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The Real Heroes Behind '13 Hours' Talk Michael Bay, Benghazi, and Being Involved in the Film

The Real Heroes Behind '13 Hours' Talk Michael Bay, Benghazi, and Being Involved in the Film

Shakefire had the honor to sit down with the three Global Response Staff (GRS) soldiers, John Tiegen, Kris Paronto, and Mark Geist, who were involved in the September 11, 2012 Islamic militants attacks at the American diplomatic compound and a nearby CIA Annex in Benghazi, Libya. Their heroic efforts were retold in the book 13 Hours, which director Michael Bay has adapted into 13 Hours: The Secret Soldiers of Benghazi. The three ex-military soldiers spoke about what it was like working with Michael Bay, seeing their story told on screen, and how true to the events the film is.

 

Shakefire (SF): What was your reaction to hearing that Michael Bay was going to make this movie?
John Tiegen (JT): It’s time to hang out with some autobots!

 

SF: Were you worried that a director that’s known for Transformers and these big gigantic popcorn movies was going to tell your story and this important event in the right way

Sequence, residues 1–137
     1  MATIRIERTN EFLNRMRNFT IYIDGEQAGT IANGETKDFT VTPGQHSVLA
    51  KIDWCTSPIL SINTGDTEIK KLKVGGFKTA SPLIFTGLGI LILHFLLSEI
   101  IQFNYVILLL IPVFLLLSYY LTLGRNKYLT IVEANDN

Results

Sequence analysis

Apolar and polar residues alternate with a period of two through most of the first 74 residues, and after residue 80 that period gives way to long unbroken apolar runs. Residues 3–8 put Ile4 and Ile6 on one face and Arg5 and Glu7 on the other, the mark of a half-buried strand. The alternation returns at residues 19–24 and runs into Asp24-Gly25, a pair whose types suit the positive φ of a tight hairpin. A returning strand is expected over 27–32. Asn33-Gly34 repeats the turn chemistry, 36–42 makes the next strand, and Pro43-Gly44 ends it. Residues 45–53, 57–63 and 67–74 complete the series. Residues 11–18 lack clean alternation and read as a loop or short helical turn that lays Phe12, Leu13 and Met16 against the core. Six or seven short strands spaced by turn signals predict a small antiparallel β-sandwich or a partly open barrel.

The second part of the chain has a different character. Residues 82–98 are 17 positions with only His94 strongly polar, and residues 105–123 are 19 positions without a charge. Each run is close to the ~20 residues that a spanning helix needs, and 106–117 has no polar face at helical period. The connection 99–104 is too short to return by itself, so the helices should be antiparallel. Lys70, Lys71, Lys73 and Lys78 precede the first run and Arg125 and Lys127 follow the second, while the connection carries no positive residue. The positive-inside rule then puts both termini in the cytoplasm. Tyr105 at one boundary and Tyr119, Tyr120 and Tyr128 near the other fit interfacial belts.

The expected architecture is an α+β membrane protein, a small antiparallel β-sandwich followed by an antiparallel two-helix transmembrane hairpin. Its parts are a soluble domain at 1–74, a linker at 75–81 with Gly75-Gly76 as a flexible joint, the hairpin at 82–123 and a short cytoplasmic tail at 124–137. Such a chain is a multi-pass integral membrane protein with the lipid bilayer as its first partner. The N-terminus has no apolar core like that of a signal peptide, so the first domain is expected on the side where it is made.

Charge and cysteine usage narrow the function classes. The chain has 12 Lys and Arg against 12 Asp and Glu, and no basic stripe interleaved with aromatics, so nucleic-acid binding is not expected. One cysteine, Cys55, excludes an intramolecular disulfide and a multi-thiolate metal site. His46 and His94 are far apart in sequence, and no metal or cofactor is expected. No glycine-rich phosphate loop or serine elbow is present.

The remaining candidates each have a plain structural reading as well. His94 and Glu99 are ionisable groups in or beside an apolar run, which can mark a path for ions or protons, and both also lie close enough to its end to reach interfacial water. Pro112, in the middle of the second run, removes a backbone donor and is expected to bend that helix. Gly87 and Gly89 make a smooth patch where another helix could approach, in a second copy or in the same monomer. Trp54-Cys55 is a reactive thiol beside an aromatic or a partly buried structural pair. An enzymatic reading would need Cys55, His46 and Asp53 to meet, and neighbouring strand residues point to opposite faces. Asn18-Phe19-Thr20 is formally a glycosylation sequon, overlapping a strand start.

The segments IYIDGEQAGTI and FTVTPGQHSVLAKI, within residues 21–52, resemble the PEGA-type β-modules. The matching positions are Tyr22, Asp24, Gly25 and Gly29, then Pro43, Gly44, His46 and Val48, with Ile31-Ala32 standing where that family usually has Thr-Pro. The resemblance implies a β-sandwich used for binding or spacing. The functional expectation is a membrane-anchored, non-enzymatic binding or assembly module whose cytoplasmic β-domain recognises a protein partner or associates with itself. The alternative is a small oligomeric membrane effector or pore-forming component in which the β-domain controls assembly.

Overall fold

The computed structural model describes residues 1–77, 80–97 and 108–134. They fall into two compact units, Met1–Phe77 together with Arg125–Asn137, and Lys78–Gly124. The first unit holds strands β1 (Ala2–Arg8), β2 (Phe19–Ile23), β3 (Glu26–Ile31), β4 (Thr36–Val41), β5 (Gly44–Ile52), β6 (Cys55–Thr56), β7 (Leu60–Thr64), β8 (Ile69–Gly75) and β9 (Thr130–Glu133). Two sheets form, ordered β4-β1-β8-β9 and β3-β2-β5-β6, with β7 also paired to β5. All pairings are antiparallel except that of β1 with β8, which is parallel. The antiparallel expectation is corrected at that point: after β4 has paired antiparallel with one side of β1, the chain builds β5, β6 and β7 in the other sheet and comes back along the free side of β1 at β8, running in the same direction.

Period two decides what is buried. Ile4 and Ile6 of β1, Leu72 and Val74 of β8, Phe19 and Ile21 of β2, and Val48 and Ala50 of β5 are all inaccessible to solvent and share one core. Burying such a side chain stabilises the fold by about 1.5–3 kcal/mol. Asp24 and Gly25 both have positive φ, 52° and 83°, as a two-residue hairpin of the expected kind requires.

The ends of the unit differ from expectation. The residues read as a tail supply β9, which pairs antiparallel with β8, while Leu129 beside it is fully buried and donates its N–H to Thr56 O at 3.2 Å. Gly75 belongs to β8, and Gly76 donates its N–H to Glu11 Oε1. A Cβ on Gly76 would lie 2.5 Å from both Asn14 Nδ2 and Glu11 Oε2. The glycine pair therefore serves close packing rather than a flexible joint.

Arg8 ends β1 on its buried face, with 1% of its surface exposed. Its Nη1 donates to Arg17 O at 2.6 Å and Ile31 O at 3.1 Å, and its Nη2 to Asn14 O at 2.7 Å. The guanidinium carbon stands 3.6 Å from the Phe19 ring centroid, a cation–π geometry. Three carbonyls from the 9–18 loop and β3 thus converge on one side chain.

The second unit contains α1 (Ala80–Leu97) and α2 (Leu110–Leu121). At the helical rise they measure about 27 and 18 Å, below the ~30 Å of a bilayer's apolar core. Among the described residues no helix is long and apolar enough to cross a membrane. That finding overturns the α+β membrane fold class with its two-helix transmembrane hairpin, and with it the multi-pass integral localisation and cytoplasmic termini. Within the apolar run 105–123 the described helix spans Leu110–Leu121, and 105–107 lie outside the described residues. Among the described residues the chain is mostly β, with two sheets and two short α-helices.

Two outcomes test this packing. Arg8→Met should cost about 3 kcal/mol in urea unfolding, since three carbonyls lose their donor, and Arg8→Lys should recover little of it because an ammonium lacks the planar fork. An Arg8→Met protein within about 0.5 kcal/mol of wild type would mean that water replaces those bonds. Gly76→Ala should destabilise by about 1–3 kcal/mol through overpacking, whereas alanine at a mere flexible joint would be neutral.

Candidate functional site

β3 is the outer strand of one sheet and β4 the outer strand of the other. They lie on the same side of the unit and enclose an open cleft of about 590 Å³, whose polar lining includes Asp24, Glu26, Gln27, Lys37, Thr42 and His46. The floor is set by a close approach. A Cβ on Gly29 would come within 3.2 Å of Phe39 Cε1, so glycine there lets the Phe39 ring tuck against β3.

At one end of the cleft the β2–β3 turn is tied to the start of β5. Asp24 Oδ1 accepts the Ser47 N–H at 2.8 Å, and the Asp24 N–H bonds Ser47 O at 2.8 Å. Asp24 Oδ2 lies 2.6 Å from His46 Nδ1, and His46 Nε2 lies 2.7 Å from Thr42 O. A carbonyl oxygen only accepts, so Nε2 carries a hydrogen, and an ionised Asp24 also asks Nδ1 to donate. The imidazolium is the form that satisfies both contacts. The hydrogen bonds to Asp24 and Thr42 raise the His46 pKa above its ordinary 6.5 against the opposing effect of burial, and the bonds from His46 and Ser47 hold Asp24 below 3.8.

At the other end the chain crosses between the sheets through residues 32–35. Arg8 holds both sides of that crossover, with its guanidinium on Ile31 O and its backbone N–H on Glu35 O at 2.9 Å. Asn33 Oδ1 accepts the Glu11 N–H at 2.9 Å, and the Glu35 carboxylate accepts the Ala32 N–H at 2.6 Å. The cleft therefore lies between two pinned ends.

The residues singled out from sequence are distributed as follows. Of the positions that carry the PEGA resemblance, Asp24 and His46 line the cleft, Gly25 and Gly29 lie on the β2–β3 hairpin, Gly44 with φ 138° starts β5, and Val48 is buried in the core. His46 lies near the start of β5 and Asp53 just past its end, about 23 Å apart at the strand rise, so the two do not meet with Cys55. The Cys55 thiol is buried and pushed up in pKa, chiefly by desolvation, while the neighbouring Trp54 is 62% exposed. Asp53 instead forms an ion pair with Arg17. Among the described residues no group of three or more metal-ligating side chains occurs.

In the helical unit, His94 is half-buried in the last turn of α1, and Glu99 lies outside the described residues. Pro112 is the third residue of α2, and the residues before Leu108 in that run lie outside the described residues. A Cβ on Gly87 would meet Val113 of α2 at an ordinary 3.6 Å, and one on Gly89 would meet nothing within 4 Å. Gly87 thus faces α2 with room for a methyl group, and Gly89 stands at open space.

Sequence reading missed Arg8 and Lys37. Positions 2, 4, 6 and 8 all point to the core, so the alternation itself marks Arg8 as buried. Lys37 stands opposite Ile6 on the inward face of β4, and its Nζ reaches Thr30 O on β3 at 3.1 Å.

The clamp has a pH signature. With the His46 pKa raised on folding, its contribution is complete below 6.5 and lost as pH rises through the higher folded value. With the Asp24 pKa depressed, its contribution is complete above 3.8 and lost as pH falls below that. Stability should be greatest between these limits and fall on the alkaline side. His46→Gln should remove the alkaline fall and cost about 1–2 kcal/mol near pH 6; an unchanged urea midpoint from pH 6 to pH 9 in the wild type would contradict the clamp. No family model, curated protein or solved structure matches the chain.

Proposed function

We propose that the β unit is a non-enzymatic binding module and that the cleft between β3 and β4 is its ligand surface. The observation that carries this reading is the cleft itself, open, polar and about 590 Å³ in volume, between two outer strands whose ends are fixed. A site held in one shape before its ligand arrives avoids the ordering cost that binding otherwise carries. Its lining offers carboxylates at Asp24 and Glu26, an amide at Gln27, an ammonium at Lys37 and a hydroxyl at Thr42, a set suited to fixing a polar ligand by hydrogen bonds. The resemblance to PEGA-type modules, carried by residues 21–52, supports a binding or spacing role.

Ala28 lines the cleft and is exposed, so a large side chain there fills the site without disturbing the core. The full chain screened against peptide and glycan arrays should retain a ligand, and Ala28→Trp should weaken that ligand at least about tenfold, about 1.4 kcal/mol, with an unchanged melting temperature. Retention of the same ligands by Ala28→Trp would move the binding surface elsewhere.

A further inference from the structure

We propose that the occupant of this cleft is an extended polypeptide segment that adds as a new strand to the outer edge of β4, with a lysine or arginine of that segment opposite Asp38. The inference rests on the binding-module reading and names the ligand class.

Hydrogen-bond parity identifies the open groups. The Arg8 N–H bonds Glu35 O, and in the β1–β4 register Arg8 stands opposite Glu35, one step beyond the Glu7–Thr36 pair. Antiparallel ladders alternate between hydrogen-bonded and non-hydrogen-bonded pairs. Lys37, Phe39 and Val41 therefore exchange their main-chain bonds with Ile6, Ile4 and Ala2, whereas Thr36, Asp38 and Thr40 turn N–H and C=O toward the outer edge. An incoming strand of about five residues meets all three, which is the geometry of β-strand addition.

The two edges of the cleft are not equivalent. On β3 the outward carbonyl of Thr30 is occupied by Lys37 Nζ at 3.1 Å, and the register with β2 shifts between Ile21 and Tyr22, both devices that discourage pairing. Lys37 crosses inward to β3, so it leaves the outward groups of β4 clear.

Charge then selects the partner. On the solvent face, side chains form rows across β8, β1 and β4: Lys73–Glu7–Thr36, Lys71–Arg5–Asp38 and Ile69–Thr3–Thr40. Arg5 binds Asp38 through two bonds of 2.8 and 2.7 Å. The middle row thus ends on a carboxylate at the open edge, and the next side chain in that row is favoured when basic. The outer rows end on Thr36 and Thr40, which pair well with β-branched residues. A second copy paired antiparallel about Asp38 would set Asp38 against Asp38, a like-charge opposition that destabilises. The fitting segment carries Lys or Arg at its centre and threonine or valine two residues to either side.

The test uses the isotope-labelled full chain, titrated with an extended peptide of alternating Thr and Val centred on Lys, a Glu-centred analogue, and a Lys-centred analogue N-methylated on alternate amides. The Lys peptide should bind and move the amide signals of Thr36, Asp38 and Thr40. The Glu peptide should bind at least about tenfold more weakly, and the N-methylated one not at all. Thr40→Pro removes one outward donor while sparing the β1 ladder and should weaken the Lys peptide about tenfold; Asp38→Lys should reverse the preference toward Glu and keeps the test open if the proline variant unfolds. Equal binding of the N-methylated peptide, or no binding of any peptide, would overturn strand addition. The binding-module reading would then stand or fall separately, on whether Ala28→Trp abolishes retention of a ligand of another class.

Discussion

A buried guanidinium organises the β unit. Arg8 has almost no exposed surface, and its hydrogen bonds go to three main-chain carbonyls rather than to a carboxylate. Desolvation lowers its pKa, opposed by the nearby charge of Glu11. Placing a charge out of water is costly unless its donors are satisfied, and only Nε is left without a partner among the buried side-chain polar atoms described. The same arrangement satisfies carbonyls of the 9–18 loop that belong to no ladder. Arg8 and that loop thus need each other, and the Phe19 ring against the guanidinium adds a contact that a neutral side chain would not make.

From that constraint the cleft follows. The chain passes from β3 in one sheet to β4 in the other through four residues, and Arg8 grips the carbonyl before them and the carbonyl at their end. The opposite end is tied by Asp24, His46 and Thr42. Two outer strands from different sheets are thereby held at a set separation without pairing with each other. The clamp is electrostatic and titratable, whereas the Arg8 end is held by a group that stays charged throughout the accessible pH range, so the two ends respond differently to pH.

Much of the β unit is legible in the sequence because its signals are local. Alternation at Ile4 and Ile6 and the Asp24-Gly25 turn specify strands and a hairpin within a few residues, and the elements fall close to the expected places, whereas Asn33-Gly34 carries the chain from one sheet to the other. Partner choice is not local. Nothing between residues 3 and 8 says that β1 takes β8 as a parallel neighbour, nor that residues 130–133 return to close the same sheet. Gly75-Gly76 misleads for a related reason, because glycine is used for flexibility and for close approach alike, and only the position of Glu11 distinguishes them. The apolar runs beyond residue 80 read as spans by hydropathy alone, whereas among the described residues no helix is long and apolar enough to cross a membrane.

JT: Well you want a big gigantic popcorn movie because then everybody is going to want it. But you know, he did a good job. We got to talk with him beforehand, and he talked to us about what he wanted to do. We told him what we wanted, and we all had pretty much the same idea. Yeah, there’s a lot of explosions. A lot of explosions in combat. Fortunately none of the guns transformed into an autobot, you know. He did a good job. It stayed true to the book. Some of the characters roles got changed around but just to make the movie flow and keep it going and not to really confuse everybody because there’s a lot of moving parts. He did a really good job.

 

SF: When you watch the final production, did it take you back there? Did it get the adrenaline pumping?
Mark Geist (MG): Each of us experienced it a little bit different. To some degree you have that feeling of being there. But also to me it’s a movie. As good as they got it, to me it’s still a movie. I look at it from the technical aspect of making sure they got it right and things like that. And they did; they got it right. I have a newfound respect for the effort the actors, and directors, the whole cast and crew put into getting this movie right. I don’t know if because it’s the subject matter or if it’s this way all of the time, but they definitely put 110% of themselves into everything.

 

SF: Is it surreal seeing yourselves being portrayed on screen?